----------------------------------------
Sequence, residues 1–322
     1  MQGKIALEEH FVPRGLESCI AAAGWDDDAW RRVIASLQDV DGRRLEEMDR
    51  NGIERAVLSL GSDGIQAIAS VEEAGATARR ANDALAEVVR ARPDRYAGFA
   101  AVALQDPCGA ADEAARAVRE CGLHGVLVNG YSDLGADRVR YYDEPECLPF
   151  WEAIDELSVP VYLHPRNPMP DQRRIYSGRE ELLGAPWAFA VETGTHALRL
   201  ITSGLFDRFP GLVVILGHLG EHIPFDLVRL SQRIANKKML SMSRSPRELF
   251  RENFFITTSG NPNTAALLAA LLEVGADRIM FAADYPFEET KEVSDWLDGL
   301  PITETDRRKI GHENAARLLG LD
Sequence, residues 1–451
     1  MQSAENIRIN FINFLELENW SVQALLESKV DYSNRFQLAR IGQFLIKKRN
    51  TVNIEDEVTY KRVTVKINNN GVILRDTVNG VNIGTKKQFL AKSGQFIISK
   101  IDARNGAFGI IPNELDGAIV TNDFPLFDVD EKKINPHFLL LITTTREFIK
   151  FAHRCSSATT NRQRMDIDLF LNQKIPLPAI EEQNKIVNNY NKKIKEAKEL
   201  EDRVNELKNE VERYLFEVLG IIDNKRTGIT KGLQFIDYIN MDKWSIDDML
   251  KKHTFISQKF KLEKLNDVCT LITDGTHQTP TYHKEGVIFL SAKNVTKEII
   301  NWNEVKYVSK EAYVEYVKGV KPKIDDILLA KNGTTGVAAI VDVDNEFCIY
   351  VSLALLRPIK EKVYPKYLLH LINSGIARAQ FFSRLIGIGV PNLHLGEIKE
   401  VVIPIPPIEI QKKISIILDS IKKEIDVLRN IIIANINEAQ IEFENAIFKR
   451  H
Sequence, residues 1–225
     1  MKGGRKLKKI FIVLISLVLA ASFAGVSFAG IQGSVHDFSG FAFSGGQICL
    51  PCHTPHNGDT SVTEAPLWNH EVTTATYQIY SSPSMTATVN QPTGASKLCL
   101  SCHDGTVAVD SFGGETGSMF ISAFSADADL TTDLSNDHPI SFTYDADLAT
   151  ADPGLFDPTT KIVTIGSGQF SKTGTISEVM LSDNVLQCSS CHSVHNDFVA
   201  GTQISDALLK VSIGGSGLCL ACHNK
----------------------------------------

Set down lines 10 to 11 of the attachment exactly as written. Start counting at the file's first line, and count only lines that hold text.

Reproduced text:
     1  MQSAENIRIN FINFLELENW SVQALLESKV DYSNRFQLAR IGQFLIKKRN
    51  TVNIEDEVTY KRVTVKINNN GVILRDTVNG VNIGTKKQFL AKSGQFIISK